Tepper also made it clear no decision has been made on the future of quarterback Cam Newton, saying that can’t happen until the first pick of the 2015 draft is completely healthy.
Newton, who has one year left on his contract, recently was placed on injured reserve with a Lisfranc injury that sidelined him after an 0-2 start.
Tepper’s meeting with reporters was held 24 hours after the Panthers fell to 5-5 with a 29-3 loss to Atlanta that put a big dent in their playoff aspirations.
Tepper said he didn’t sleep well after the Atlanta loss, the second time in four games the Panthers were blown out by an opponent. They were beaten 51-13 at San Francisco on Oct. 27.
“Every time we have a loss, my mood is s—-y,” said Tepper, adding that he never accepted losing on the business side, where he accumulated a $12 billion net worth as a hedge fund manager.
The Panthers have a 13-14 record since Tepper purchased the organization for an NFL-record $2.275 billion from former owner Jerry Richardson in 2018. If they post a losing record this season, it will be the second in a row and third in the past four seasons since reaching the Super Bowl in 2015.
Carolina’s record against NFC South opponents since 2015 is 7-14, compared to 14-4 in the three previous seasons.
Tepper’s frustration over losing was evident as he continually said long-term mediocrity would not be accepted. He also said fans, many of whom left the stadium early on Sunday, were smart enough to recognize long-term mediocrity.
Rivera, who this year surpassed John Fox as the winningest coach in team history, has an overall record of 76-61-1. The Panthers have a record of 195-198-1 since becoming a franchise in 1995.
Tepper made wholesale changes to the business side after purchasing the team from Richardson, who put the team up for sale amid allegations of sexual and racial workplace misconduct. The NFL fined Richardson $2.75 million after a lengthy investigation.
Tepper did not make changes to the football staff last season after a 7-9 record following a 6-2 start because Newton’s sore right shoulder played a factor in a seven-game losing streak.
Newton’s shoulder healed after offseason cleanup surgery, but he suffered a Lisfranc injury in the third preseason game and re-aggravated it in the second game. Tepper said that ideally Newton, 30, will recover fully from the injury and perhaps one day lead the Panthers to a Super Bowl.
Tepper said Newton has done a lot of good for the team and Charlotte, calling him one of the greatest quarterbacks of all time.
Tepper also made it clear he liked Newton’s replacement, Kyle Allen, suggesting the second-year, undrafted quarterback has played above expectations despite throwing four interceptions against Atlanta and nine in the past four games.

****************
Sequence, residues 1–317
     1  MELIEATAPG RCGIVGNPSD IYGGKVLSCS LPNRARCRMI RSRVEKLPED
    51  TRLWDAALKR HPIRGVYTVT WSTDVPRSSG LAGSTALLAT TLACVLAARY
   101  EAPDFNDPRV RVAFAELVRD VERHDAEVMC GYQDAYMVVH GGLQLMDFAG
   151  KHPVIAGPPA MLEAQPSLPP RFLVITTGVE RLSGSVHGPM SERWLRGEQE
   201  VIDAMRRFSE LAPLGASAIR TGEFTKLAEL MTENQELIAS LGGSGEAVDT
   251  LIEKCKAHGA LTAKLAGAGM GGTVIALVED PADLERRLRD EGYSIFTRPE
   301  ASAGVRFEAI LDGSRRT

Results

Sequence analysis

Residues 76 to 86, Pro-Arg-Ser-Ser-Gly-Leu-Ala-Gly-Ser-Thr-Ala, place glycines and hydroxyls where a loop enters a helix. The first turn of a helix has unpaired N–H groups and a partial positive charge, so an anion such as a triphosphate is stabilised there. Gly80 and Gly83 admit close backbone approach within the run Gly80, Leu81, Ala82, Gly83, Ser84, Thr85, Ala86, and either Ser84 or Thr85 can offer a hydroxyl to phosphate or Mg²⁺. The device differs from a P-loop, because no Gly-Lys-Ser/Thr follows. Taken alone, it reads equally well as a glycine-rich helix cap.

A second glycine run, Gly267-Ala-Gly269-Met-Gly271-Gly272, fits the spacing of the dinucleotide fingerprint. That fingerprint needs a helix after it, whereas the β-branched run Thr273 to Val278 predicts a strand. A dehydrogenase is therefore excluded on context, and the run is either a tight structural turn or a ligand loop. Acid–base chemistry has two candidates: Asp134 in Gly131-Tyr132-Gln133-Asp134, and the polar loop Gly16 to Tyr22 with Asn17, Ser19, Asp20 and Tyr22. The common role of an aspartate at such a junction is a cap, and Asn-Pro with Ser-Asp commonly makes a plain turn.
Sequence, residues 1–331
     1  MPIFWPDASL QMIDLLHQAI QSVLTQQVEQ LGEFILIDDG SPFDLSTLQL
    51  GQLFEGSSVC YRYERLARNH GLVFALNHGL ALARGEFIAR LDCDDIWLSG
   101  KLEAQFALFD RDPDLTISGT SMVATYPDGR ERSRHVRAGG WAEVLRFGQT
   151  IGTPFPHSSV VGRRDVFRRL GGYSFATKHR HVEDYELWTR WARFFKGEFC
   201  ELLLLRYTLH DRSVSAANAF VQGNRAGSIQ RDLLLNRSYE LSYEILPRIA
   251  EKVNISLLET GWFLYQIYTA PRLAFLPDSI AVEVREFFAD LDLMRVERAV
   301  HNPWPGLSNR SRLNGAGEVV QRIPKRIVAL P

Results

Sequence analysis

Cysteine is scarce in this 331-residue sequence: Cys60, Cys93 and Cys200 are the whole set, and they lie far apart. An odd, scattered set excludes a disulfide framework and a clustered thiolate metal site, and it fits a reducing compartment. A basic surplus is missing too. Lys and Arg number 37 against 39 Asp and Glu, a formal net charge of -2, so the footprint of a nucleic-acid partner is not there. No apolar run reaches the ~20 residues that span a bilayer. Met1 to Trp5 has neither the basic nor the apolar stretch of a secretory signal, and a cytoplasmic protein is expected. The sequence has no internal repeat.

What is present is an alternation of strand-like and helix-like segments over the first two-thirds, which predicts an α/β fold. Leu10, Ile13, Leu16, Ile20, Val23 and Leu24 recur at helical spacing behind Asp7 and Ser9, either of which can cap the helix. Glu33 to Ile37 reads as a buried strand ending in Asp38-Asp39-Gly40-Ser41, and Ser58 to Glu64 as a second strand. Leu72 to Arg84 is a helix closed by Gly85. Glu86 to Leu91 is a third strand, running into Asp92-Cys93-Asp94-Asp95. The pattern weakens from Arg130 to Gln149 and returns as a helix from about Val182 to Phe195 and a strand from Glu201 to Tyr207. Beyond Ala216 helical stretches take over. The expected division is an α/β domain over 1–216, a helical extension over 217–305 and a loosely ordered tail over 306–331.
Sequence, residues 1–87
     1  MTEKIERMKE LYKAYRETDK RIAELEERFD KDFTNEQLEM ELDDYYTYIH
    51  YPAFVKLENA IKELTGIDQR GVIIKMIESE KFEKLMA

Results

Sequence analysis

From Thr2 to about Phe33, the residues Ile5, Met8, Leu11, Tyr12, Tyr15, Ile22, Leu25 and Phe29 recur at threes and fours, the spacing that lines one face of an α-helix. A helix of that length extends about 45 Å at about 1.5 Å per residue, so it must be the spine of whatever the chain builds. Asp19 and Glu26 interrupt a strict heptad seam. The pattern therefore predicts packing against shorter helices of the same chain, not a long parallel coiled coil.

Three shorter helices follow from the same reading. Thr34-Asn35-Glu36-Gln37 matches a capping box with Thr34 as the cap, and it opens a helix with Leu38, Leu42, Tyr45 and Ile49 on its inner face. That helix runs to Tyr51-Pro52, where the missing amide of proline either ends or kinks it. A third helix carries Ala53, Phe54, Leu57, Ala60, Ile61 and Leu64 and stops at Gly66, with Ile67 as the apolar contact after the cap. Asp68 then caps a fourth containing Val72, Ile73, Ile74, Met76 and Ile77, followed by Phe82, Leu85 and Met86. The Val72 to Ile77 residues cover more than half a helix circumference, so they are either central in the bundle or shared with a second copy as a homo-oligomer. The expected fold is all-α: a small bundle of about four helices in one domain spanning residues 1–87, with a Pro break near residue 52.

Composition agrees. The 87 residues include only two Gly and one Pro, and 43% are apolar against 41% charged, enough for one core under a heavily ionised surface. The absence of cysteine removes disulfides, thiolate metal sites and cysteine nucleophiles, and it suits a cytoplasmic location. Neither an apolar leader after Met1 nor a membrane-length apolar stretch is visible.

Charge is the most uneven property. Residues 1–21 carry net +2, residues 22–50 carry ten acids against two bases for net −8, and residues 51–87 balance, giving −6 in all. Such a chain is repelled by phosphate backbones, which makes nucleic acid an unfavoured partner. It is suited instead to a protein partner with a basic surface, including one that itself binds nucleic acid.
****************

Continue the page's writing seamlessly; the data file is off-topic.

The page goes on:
The Panthers are 5-3 under Allen this season and 6-3 overall dating back to a victory in last season’s finale at New Orleans, where the Panthers play on Sunday. Allen started his career with a 5-0 record, making him the seventh quarterback in NFL history to get off to such a start.
Tepper defended the organization’s decision not to go to Colin Kaepernick’s workout in Atlanta on Saturday, saying the team has a young quarterback in Allen, a third-round pick in Will Grier, and Newton, so there was no interest in signing a veteran quarterback.
Tepper also said he has a copy of the video of Kaepernick’s workout, so attending the session wasn’t necessary.
Neither Rivera nor Hurney were a part of Tepper’s meeting. Earlier in the day, Rivera expressed hope the Panthers still could make a playoff run. He said they still control their own destiny with two games left against the Saints (8-2), a rematch against Atlanta (3-7) and contests against Washington (1-9), Indianapolis (6-4) and Seattle (8-2).
“Probably the biggest thing is we control it,” Rivera said of the team’s playoff hopes, even though the Panthers currently stand ninth in the NFC playoff hunt. “It’s one game at a time. It’s one focus at a time. That’s probably the biggest thing we have to do, is focus in on the next opponent.
“That’s just getting ready for New Orleans.”
Tepper’s focus, with future plans to move the team headquarters to a state-of-the-art facility in Rock Hill, South Carolina, and ultimately get a new stadium in Charlotte to host the Panthers and an MSL team, is to give fans hope and end the long-term mediocrity.
While he didn’t mention Rivera or Hurney, he appeared to be putting them on notice.
As Tepper indicated the day he was hired, his first priority is winning.
Raiders ink Preston Brown to 1-year deal
ALAMEDA, Calif. — The Oakland Raiders have been searching for a prototypical middle linebacker for their 4-3 base defense since the NFL suspended Vontaze Burfict for the remainder of the season after Week 4.
They believe they have found one in Preston Brown, unemployed since last Tuesday after the Cincinnati Bengals cut him nine games into the three-year, $16.5 million contract ($4.8M guaranteed) he signed there this offseason.
The Raiders, who are 6-4 and riding a three-game winning streak into playoff contention, signed Brown to a one-year deal Monday and reportedly will be on the hook for the remainder of his base salary, estimated to be about $400,000.
“He’s 27 years old,” Raiders coach Jon Gruden said of Brown. “We really liked him coming out of Louisville. He had [four] straight 100-tackle seasons as a Buffalo Bill, went to Cincinnati and, obviously, things didn’t work out.
“But he has the intangibles, first of all, that you look for in a middle linebacker. He’s charismatic, he’s intelligent, a physical guy, football junkie and he’s been productive in the league. We’ll put him in the room with [linebackers coach David] Lippincot and [defensive coordinator Paul] Guenther and see if he can get caught up quickly and we’ll try to fast-track him.”
The Bills selected Brown in the third round (No. 73 overall) of the 2014 draft. He led the NFL with 144 tackles in 2017. And he had 54 tackles with a forced fumble and a fumble recovery in nine games (eight starts) for the Bengals this season.
With so many injuries, the Raiders have added defensive pieces over the past few weeks in linebacker Will Compton, safety D.J. Swearinger and edge rusher Dion Jordan. All three played key roles on Oakland’s 17-10 defeat of the Bengals on Sunday.
In the corresponding roster move, the Raiders placed return specialist/receiver Dwayne Harris on season-ending injured reserve. He has been limited to only three games with ankle and foot issues.